Wheeling Through NYC – Accessible Travel in the Big Apple

By Andrea Jehn Kennedy ~ 

New York City gets a bad rap. Coming from Colorado, and using a wheelchair, my husband Craig and I had all sorts of warnings that we’d collected from others before our trip: only 10% of the subway is accessible, the locals aren’t friendly, it’s a dirty city, the crime is bad… You name it. We heard it.

But on behalf of all New Yorkers in all five boroughs, I want to set this record straight! Neither of us had spent any quality time in the Big Apple in the last decade, and after two days of touring the city on various modes of transportation, I have nothing but good things to say about the city’s transportation as well as its locals. All subway stops we needed in Brooklyn, Manhattan and the Bronx were accessible; every tour bus and airport shuttle we needed had a lift; there were a plethora of minivan taxis, and every person we asked for directions had a smile and a helpful point in the right direction.

Our touring included Yankee Stadium, Times Square, Rockefeller Center, the Statue of Liberty, Ellis Island, the World Trade Center memorial site, Empire State Building, Chinatown, and Central Park, to name a few. We didn’t come to a single obstacle we couldn’t manage. Ramps, automatic doors, lifts, elevators, escalators, accessible bathrooms, and friendly people abound; we actually found it harder to leave the city than to get around! Being told, “Come to the front of the line, don’t wait in the maze,” at Liberty and Ellis Island ferry stations was a perfect example of this NY hospitality.

All Gray Line Tours’ “hop-on, hop-off” buses have lifts and friendly tour guides, each a living encyclopedia of New York lore. This is hands-down the best way to see New York City and learn about the sights; all at your leisure, over a course of two days, with as many knowledgeable tour guides as you can cram in. Tours take off from their office on 42nd St., where you can also buy discounted passes to various sights like Liberty Island, the Met, Broadway shows and much more (www.newyorksightseeing.com or 212-397-2600).

We also used Vega Transportation, the premier accessible van service in the area, to get from Newark, where we were on business, to Yankee Stadium in the Bronx. Although more pricey than the subway, Vega is more reliable than any other transportation we found. If you use a power chair or scooter, need to get to a specific destination, or have a big entourage with you, then Vega is the way to go (www.vegatransportation.com or 888-507-0500  Note: If you arrange your trip through ABLE to Travel, you are eligible for a 5% discount from Vega Travel).

While it’s true that only a small portion of the NYC subway stations have accessible stops, we found it very easy to manage our day around these by planning our trip in advance. Visit the Metropolitan Transit Authority (MTA)’s website (http://web.mta.info/accessibility/transit.htm#boardingarea) to find a list of the accessible stops, and plan your trip accordingly. The site is very helpful, right down to telling you which elevators are temporarily out of service.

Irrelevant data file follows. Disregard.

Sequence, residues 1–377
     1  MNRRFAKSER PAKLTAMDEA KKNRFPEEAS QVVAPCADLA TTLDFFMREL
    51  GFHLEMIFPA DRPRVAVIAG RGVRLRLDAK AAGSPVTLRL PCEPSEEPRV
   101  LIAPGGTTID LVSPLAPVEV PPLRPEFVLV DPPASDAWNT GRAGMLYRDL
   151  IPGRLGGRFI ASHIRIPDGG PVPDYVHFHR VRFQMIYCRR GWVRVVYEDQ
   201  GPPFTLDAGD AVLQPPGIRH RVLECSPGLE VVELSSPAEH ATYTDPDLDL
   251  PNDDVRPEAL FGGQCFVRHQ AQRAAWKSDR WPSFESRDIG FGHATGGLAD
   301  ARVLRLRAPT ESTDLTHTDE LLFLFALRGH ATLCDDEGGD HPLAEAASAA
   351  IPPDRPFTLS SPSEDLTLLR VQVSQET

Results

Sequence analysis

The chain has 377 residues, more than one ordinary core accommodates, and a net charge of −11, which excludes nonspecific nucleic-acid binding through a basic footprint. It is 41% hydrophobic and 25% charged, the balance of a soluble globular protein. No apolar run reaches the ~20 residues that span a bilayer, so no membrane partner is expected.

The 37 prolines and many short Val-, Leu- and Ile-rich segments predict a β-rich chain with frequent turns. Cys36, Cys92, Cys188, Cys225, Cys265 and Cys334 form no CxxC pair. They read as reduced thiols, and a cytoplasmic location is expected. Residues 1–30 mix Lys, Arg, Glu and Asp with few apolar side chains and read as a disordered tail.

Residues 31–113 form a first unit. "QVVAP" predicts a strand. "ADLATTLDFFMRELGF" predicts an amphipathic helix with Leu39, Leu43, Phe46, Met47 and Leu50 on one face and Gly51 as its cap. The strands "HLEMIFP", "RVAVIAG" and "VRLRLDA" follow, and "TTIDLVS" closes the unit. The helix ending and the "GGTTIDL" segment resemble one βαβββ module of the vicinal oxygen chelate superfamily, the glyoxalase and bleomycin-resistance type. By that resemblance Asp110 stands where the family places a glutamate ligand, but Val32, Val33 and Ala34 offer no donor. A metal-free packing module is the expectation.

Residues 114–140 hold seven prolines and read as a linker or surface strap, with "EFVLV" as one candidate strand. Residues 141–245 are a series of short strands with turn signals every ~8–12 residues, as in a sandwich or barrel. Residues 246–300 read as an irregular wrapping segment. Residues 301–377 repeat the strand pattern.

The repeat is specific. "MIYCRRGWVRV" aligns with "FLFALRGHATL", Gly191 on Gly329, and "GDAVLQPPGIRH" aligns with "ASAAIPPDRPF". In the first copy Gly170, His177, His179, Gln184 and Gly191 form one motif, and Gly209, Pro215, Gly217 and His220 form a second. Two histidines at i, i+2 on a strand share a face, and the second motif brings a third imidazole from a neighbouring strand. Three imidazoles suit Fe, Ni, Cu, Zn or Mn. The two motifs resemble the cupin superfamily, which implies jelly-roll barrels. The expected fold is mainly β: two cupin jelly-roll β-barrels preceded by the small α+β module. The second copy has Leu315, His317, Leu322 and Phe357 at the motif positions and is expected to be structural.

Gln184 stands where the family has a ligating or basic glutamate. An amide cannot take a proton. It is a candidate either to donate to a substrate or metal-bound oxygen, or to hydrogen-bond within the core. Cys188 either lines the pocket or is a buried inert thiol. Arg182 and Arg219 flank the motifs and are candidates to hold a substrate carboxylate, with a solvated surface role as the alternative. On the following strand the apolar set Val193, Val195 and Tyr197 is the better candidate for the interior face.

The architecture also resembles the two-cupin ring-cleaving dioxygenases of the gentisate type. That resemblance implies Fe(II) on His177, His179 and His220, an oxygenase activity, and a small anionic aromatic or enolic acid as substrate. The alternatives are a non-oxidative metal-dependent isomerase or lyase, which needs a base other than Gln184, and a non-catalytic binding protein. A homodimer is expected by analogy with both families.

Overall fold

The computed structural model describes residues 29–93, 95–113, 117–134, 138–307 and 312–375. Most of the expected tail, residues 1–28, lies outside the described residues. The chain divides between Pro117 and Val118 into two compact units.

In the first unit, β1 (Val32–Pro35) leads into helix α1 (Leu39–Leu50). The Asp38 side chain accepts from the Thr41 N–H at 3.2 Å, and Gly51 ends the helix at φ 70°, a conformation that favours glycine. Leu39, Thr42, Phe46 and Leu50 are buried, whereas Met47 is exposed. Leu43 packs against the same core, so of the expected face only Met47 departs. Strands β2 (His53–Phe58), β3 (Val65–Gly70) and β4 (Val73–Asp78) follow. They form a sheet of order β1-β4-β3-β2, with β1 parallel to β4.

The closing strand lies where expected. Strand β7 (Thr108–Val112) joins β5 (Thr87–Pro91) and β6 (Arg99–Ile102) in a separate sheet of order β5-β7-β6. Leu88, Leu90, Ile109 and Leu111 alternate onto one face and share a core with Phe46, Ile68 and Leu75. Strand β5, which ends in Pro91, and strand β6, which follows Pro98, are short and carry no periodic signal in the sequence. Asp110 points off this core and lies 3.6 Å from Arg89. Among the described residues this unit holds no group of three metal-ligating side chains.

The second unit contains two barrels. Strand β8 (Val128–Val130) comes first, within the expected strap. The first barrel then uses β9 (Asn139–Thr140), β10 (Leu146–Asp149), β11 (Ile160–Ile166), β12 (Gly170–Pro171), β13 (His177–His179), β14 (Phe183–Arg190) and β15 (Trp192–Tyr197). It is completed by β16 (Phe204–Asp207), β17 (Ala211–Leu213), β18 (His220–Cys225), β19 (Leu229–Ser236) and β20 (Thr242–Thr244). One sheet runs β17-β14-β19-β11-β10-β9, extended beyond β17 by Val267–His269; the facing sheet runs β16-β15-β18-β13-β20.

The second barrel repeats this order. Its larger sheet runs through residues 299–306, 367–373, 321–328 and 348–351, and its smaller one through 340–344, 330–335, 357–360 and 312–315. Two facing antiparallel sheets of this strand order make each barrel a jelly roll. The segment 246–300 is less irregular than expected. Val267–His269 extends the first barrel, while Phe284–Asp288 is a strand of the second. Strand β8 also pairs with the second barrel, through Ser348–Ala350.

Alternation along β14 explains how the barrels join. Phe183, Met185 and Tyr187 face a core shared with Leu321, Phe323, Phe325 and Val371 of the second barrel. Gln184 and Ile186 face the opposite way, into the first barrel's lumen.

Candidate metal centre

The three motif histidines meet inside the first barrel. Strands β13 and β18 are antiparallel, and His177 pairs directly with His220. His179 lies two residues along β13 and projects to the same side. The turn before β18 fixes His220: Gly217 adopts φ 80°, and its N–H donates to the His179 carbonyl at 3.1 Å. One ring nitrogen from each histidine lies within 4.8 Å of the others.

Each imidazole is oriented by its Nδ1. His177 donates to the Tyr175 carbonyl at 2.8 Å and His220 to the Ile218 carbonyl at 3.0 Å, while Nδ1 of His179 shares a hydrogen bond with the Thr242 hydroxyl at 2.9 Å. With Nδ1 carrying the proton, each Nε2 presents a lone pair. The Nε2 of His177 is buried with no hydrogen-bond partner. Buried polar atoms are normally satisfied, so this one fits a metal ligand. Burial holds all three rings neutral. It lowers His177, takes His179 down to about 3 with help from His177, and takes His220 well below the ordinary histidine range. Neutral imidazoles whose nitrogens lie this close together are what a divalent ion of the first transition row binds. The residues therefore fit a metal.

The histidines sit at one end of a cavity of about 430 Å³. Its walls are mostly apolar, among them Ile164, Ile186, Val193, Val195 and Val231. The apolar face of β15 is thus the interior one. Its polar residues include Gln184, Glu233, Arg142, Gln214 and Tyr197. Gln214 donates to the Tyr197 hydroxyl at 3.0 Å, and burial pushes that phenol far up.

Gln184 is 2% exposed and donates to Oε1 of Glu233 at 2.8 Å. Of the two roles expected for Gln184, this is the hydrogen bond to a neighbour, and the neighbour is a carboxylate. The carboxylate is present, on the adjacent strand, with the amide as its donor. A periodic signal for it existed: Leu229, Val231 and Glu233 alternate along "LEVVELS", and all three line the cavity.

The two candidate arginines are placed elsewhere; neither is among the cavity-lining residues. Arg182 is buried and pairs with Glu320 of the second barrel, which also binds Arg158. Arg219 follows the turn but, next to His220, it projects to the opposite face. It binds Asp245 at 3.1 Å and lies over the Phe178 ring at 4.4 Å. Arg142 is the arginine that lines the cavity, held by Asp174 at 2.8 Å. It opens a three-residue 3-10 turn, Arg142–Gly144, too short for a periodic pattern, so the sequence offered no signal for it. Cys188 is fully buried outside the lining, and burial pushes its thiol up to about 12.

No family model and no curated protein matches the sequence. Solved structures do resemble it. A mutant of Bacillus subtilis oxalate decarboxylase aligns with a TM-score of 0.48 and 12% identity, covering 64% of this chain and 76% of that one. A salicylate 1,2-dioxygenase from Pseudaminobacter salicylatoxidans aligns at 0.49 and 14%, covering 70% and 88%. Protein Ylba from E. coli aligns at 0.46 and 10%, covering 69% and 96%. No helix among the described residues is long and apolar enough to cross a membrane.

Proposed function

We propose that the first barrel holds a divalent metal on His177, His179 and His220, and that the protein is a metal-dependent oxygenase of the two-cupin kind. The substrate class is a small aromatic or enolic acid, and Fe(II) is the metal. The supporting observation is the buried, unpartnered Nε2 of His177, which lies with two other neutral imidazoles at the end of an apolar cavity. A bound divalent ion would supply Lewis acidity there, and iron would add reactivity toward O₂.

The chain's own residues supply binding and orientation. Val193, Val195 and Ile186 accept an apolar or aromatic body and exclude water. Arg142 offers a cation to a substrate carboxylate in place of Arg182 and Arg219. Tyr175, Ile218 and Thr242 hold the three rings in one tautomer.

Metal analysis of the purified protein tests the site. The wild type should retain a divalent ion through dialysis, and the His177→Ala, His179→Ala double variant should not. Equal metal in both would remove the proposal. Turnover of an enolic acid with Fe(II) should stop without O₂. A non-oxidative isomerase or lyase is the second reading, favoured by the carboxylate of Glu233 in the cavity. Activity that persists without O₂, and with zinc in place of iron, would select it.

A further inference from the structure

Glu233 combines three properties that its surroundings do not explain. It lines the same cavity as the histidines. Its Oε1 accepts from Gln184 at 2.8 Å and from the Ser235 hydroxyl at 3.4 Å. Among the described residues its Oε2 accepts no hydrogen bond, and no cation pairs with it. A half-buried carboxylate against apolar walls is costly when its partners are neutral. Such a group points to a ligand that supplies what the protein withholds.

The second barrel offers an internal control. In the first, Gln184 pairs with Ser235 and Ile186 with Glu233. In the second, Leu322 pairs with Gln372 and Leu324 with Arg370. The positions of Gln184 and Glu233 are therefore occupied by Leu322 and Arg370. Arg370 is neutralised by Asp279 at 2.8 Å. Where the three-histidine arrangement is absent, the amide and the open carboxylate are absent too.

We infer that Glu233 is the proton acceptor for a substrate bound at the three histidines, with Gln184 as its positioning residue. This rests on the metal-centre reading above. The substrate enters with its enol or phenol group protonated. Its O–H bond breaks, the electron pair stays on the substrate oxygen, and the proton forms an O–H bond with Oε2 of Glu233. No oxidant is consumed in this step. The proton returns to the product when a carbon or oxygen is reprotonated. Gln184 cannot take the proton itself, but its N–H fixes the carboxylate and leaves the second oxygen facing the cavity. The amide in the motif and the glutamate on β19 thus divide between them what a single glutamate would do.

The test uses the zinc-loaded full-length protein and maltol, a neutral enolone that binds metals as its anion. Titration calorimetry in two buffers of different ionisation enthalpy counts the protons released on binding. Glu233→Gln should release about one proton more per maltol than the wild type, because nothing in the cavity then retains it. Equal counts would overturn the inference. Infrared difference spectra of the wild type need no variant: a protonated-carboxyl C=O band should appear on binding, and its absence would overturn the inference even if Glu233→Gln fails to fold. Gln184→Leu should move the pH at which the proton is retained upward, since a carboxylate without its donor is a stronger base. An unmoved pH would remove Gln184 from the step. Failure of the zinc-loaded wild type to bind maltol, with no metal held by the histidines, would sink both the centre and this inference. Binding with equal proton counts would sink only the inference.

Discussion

We also found that the signage in the subways is superb. The elevators and some exits would be hard to find in the maze of this underground system without proper signage. There are also text-capable payphones at the accessible stations for persons with hearing impairments. In addition, if you are there for an extended period of time, you can get a discount pass to the subway system that you can also find on MTA’s link. We were short on time to get back to Newark Airport to fly out, and took the subway from Brooklyn to Times Square Station, where $15 Coach USA shuttles to the airport leave every 15 minutes and are half price to riders with disabilities. To get one with a lift, you have to call 48 hours in advance and know your time of departure; easy enough. (www.coachusa.com or 877-8-NEWARK)

We didn’t use Access-A-Ride, MTA’s additional “paratransit” service for people with disabilities. Because you do have to apply to use this system in advance, and our important subway stops were all accessible, we didn’t need it. But if you know you’re going to need reliable transportation, it’s easy and cheap to use Access-A-Ride. ( http://web.mta.info/nyct/paratran/guide.htm)

Our only regret was that we hadn’t done enough research on the Statue of Liberty tours to know that you have to book your tickets for the crown months in advance and get there early in the morning to even get into the monument. The Statue is entirely accessible, but they only let a few thousand visitors up the statue each day, and tickets must be booked several months ahead of your trip. Other than that, we only wished we’d stayed longer!

If you’re planning a trip to New York, make it easy on yourself and contact United Spinal’s ABLE to Travel and let their experienced agents help you plan an accessible trip. Call toll free 888-211-3635.

Andrea and her husband Craig are co-owners of Access Anything, travel consultants and writers specializing in marketing and education for all aspects of disability travel including AA LOGO 2 borderrecreation, adventure, eco travel, ADA rights and interpretation. Access Anything’s guidebook series, travel products, published articles and more can be found at www.accessanything.net.